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As we close 2019 and look forward to a new year I wanted to thank you for being a big part of my year. We have discussed many of Cate Blanchett’s films with many more coming in 2020.

We’ve discussed some big blockbusters (Indiana Jones and the Kingdom of the Crystal Skull) and smaller movies (Little Fish, Oscar and Lucinda).

We have talked about her uncanny transformations ino Katharine Hepburn in The Aviator, Bob Dylan inI’m Not There and a sorta Marina Abramovic in Documentary Now.

We talked about her big breakout in Elizabeth, the peak of her celebrity post Carol around the time Ocean’s 8 was released.

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and coming in 2020:

  • Deep dives into Carol and Blue Jasmine, the peak of her success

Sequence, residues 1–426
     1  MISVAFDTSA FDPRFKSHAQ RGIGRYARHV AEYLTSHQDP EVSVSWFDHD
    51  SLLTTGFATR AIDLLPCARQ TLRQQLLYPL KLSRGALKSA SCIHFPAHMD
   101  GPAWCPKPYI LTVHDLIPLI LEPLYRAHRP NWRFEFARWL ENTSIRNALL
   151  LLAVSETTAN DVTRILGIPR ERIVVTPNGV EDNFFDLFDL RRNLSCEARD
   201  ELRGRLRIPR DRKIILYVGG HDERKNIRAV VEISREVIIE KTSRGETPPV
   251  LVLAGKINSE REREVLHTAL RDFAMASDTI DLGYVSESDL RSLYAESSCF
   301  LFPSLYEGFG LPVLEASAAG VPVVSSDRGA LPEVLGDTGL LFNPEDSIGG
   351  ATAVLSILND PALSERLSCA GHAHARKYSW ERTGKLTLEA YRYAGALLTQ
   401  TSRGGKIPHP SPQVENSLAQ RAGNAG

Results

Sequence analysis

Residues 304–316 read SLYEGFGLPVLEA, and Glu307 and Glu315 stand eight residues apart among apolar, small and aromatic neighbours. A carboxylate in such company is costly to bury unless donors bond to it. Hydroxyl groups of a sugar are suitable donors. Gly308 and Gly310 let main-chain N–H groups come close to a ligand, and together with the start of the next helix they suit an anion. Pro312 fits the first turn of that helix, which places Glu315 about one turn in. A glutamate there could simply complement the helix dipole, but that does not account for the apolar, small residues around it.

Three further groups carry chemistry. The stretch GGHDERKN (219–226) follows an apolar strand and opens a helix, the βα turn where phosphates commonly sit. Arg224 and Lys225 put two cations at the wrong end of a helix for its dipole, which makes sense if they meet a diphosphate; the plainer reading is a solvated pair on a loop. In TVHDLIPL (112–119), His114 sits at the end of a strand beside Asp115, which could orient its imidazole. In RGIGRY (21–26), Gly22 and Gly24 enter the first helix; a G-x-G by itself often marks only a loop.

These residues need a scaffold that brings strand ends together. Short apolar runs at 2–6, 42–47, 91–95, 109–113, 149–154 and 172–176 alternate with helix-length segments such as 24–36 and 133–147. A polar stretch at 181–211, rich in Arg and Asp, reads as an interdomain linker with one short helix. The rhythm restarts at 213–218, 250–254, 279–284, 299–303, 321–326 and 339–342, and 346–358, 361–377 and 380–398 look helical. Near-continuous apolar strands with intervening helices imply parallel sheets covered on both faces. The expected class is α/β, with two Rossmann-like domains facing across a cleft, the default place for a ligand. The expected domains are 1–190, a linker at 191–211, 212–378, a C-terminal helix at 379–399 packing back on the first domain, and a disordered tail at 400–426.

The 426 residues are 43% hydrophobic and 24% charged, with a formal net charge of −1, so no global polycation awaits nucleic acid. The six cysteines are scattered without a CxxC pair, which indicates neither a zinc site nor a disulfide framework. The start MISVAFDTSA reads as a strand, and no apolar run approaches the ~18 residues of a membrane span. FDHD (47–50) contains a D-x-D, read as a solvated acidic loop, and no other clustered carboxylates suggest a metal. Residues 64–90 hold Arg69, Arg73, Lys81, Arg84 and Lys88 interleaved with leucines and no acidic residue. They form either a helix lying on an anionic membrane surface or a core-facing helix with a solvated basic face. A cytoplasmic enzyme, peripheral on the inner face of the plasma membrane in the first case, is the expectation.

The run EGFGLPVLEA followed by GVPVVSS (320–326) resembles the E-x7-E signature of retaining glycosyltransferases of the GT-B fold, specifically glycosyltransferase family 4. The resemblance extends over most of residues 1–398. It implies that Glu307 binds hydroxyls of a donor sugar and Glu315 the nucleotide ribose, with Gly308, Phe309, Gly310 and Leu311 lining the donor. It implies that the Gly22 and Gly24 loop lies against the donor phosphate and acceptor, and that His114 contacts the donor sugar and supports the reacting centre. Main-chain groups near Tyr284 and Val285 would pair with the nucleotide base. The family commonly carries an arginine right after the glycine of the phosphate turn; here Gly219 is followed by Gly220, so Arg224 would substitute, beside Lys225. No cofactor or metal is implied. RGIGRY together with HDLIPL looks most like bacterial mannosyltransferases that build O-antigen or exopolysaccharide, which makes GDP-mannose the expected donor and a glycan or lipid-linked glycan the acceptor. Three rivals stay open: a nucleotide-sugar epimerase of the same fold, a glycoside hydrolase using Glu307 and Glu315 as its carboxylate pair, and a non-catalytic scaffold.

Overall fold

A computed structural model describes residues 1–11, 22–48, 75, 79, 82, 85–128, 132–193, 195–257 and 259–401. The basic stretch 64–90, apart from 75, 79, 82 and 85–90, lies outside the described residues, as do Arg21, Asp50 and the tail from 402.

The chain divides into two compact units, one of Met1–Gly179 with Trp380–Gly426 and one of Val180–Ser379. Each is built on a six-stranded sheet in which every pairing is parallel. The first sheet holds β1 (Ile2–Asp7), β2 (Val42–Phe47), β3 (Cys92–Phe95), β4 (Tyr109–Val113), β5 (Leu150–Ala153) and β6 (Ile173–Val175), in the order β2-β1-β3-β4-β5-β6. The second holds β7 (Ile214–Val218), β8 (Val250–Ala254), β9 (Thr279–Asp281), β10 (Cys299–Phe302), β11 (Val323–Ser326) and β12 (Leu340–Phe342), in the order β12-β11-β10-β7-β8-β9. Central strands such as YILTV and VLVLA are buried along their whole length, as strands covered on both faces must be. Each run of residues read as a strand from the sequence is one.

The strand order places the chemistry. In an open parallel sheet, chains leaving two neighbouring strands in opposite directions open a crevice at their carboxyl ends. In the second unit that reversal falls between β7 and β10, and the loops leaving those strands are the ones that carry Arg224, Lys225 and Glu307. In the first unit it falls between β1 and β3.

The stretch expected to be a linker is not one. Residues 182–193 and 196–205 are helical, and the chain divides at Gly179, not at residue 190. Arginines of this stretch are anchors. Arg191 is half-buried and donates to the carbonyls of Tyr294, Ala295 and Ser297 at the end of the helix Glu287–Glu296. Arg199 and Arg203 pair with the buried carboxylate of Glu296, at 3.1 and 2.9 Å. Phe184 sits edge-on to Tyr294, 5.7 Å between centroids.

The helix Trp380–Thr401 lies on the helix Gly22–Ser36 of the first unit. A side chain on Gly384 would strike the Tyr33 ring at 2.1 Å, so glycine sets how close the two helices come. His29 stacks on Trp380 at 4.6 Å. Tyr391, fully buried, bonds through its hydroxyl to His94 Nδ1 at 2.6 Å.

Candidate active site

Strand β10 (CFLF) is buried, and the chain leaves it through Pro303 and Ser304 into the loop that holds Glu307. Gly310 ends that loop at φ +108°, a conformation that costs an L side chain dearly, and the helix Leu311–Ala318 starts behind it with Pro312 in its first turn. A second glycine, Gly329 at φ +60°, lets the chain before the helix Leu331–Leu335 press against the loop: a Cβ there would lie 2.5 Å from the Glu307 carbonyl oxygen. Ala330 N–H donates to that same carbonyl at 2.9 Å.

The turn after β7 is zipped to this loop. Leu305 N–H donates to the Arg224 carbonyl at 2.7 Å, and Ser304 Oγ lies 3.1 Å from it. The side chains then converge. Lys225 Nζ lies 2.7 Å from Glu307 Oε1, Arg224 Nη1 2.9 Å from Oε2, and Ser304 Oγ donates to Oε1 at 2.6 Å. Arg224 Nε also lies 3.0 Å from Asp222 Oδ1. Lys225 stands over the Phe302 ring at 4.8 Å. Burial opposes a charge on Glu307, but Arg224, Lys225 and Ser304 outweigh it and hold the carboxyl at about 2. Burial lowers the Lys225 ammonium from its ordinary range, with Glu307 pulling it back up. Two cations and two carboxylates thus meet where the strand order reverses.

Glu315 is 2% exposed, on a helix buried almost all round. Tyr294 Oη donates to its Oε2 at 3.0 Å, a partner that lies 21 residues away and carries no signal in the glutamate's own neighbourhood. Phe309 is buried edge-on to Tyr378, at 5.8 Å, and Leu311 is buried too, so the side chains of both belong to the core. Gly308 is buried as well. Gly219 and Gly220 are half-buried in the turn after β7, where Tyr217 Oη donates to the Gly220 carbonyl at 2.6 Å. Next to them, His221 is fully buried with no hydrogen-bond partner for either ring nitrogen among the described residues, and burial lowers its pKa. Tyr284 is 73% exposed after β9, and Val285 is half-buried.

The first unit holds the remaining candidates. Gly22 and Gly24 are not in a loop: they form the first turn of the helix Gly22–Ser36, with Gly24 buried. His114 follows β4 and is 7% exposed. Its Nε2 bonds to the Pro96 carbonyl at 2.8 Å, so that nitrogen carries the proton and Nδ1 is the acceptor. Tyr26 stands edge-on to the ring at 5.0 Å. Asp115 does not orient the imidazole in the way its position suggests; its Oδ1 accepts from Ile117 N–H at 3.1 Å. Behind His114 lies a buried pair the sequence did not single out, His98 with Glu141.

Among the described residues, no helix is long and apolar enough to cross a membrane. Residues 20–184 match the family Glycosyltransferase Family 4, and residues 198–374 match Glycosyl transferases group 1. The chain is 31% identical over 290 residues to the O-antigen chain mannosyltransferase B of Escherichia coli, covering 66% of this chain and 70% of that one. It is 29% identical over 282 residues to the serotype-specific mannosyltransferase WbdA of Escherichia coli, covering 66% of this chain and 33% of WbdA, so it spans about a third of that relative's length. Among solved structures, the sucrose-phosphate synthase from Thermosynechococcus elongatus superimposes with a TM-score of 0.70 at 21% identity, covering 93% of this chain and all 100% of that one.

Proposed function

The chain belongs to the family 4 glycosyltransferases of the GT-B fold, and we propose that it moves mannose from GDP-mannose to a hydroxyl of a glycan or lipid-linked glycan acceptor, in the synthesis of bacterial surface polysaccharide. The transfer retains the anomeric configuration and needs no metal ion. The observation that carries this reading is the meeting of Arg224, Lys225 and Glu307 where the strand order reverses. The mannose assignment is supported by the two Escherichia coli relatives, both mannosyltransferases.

• takes on her theatrical work all over the world
  • recaps of the FX/Hulu show Mrs America; coming in the spring

 

 

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Episode 12 – Cate Blanchett in ‘Documentary Now’ / ‘Manifesto’

We are going avant garde because “art is supposed to be radical.” Murtada welcomes Shelley Farmer to discuss Waiting for the Artist (2019), an episode of Documentary Now and the film Manifesto (2017) which started as an art installation.

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Documentary Now: Waiting for The Artist

What is the film about?

An episode of the third season of Documentary Now inspired by the Marina Abramovic doc The Artist is Present. From imdb: A performance artist returns to her native Hungary for a career retrospective.

What is Documentary Now?